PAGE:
(11) The charitable organization receiving the charitable asset will establish formal mechanisms to avoid conflicts of interest and to prohibit grants benefitting the surviving corporation or other surviving entity organized for pecuniary profit, or its affiliates or successors, directors, management, and staff.
(12) Any action or proceeding in which any question arises as to the validity of any provision in this subsection or in section seven thousand three hundred seventeen of this chapter, shall be preferred over all other civil causes except election causes in all courts of the state of New York and shall be heard and determined in preference to all other civil business pending therein except election causes, irrespective of position on the calendar. The same preference shall be granted upon application of counsel to the board in any action or proceeding questioning the validity of any provision herein in which he or she may be allowed to intervene.
(13) To assist in carrying out its functions, the board shall be authorized to hire independent financial, legal and other experts and consultants.
(14) Inconsistent provisions of other laws are superseded. Insofar as any provision herein is inconsistent with the provisions of any other law, general, special or local, the provisions herein shall be controlling.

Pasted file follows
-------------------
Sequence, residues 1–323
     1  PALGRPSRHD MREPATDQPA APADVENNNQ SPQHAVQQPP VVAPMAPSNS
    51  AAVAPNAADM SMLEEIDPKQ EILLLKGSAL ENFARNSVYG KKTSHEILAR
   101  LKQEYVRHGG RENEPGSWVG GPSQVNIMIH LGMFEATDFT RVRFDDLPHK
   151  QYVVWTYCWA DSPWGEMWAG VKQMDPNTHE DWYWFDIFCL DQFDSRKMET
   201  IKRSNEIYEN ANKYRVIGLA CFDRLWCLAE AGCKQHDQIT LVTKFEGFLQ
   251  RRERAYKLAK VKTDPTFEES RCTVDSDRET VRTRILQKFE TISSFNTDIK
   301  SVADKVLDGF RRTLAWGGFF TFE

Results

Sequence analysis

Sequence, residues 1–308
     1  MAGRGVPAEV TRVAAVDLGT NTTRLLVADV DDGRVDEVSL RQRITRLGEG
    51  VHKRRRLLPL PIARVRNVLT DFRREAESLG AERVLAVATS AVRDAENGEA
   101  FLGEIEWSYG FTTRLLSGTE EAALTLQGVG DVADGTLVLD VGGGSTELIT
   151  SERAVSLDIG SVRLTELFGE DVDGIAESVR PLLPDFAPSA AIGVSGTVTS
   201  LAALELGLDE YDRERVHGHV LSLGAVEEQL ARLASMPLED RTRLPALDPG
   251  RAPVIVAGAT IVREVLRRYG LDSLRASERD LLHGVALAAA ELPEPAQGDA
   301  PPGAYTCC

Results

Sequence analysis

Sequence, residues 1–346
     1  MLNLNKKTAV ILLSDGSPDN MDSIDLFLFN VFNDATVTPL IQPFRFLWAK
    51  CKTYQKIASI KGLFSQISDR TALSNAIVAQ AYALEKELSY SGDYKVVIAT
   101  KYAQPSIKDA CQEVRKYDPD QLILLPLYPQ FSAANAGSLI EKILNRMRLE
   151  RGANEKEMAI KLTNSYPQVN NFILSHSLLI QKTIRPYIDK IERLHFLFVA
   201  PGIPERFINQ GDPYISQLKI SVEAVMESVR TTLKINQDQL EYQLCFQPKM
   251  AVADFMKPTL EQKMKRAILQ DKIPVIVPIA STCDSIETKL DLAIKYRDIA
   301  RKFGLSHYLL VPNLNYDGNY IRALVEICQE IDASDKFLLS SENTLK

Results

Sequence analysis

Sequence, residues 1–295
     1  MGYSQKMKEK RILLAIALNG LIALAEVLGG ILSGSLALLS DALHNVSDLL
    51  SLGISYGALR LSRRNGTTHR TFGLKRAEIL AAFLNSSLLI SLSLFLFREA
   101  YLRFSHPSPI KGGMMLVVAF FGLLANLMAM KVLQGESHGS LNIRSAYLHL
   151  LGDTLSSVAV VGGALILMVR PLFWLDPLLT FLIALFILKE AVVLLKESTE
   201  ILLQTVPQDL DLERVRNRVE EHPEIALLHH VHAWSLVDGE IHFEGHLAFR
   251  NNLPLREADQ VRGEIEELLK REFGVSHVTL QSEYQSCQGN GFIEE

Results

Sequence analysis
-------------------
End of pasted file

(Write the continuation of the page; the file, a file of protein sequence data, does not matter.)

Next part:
(15) This section, being necessary for the welfare of the state and its inhabitants, shall be liberally construed so as to effectuate its purposes. (l) For the purposes of this section, fair market value shall consist of either; (i) one hundred percent of the stock that is transferred, provided that a portion of the shares may be sold in an initial public offering and that the net proceeds shall be transferred, together with the remaining unsold shares, (provided further that additional stock may be sold for fair market value that is transferred to the converted corporation), or (ii) in the case where one hundred percent of the stock is not transferred and a public stock offering is not anticipated, an independent valuation that takes into account market value, investment or earnings value and not asset value. Within five days of the superintendent’s final determination of the fair market value, the superintendent shall forward to the attorney general such independent valuation. The attorney general may, within thirty days after having received such valuation, provide the superintendent with written objections to such valuation. The superintendent shall respond to such written objections within seven days stating either that the superintendent accepts such objections and has modified his or her determination accordingly, or that the superintendent rejects such objections. The attorney general may, thereafter, pursue an action in supreme court seeking to have the valuation adjusted in accordance with the attorney general’s objections. Such action shall be preferred over all other civil causes except election causes in all courts of the state of New York and shall be heard and determined in preference to all other civil business pending therein except election causes, irrespective of position on the calendar.